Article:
That a 19-year-old is still in jail, accused of sedition, because court sees no urgency in her matter is a tragedy and travesty.
Individuals against whom cases of sedition have been filed in recent months, for protests against the Citizenship Amendment Act and the proposed National Register of Citizens, in particular, may be facing a double injustice, in the justice process. As a report in this paper has brought to light, amid a public health emergency in which courts are hearing only “urgent” cases through video-conferencing, bail pleas filed in these cases are not being defined as such. That these people, like 19-year-old Amulya Leona, arrested in February by Bengaluru police under Section 124 of the IPC for raising “Pakistan Zindabad” slogans at an anti-CAA rally, are languishing in custody, their bail pleas unheard, is the second injustice. The first, as another report in this paper underlined in February, predates the pandemic: It is the fact that in many of these arrests, the remand orders by magistrates neither asked nor answered basic questions laid down by the Supreme Court to satisfy themselves that the serious sedition charge is founded. Scrutiny of 25-odd arrests made on charges of sedition in UP, Karnataka, and Assam since the anti-CAA protests began, threw up a sobering pattern of police custody granted by courts, no questions asked, no reasons given, or after the most perfunctory hearings. While the Supreme Court has upheld the colonial-era sedition law, it has also read the provision restrictively, saying only seditious “speech tended to incite public disorder” was punishable. The apex court has emphasized that clear and immediate incitement to violence is necessary for making the offense of sedition.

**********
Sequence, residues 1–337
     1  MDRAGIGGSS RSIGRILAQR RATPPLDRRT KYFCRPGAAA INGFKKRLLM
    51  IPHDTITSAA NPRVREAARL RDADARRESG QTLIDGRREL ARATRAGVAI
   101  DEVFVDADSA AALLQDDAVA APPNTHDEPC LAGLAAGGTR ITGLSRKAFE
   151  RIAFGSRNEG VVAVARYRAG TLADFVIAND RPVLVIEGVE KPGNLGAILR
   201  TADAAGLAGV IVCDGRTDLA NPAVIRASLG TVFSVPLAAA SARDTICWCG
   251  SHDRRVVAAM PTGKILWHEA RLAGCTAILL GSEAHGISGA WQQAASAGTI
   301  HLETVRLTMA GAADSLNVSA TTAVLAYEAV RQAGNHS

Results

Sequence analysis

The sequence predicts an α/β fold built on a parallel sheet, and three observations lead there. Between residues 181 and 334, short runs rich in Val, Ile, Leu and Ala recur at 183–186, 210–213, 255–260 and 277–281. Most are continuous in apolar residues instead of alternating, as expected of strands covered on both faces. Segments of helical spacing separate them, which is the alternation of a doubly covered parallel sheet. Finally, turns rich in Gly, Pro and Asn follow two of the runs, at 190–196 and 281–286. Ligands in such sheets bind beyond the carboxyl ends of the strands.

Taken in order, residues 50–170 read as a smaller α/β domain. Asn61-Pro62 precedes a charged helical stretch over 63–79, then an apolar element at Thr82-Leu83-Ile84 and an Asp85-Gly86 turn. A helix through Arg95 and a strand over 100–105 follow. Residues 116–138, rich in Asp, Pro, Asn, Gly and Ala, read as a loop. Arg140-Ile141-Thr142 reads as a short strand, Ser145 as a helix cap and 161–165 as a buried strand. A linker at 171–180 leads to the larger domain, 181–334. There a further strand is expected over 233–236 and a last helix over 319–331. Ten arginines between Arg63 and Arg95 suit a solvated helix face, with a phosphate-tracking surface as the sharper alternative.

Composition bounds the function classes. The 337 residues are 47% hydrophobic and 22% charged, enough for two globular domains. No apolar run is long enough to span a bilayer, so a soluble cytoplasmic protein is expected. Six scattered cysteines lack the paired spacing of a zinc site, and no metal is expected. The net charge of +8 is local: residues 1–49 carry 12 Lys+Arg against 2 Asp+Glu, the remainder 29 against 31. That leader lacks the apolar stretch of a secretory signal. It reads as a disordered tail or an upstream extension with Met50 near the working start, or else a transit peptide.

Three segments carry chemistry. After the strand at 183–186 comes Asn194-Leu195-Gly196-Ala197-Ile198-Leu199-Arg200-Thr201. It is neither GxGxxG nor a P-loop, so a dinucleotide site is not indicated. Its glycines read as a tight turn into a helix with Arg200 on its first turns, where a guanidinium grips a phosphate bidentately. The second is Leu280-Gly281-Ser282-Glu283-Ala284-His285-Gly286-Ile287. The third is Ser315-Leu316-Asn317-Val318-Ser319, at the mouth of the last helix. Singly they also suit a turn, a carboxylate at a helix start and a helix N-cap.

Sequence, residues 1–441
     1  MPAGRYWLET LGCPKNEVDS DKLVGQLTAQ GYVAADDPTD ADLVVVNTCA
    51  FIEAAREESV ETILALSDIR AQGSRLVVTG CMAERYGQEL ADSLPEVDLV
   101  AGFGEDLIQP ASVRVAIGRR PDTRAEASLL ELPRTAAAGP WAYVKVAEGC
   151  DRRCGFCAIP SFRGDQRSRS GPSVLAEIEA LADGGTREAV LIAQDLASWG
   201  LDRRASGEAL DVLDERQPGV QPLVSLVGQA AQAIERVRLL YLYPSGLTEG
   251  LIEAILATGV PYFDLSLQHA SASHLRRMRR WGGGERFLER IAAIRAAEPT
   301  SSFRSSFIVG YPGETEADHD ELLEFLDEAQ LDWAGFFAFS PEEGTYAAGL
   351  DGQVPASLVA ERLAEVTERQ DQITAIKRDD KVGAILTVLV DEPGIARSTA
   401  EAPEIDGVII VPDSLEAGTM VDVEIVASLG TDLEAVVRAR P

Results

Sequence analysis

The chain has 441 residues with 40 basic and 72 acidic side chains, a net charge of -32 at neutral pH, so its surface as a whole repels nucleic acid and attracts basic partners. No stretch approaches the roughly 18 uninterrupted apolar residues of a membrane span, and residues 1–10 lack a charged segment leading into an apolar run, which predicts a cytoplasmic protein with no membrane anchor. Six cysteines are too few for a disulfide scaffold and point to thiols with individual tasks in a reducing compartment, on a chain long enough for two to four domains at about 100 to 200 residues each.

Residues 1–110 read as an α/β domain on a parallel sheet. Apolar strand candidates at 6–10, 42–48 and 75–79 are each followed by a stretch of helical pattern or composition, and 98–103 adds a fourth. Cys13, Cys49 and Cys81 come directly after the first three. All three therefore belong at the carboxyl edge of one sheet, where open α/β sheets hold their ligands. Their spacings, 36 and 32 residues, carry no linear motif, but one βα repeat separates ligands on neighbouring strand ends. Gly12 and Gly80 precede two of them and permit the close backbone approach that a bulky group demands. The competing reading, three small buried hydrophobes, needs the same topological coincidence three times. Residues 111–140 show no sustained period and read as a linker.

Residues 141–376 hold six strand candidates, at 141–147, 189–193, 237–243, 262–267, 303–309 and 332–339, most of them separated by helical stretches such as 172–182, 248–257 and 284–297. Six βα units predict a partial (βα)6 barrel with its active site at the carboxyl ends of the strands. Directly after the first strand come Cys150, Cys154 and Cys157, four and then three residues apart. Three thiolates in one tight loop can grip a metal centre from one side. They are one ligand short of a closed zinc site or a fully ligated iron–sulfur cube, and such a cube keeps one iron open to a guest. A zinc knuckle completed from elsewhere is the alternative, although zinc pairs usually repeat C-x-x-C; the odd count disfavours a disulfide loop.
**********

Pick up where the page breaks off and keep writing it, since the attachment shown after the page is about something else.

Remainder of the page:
The apparent languor of the courts, the evident lack of rigor or urgency, in cases where it would appear that the government is criminalizing acts of protest by slapping serious charges on them, is troubling. It is disquieting if the pandemic becomes a cover to delay or deny the weak and the vulnerable their day in court, their fundamental right to bail. Ever since people’s protests began across the country against the CAA and the proposed NRC — they were seen to be introducing religion as a criterion for citizenship, and discriminating against the Muslim minority — the BJP-led government at the Centre has, deservedly, invited accusations of intolerance of views different from its own. The government did not just turn a deaf ear to the protesters, it also attempted to subdue them, including by wielding the sedition law. This has cast a greater responsibility on the court.
The courts are the time-tested recourse for upholding and safeguarding constitutional protections for the citizens’ freedom of expression, including and especially the liberty to dissent. They must not show, nor be seen to show, a lack of alacrity in performing their vital role.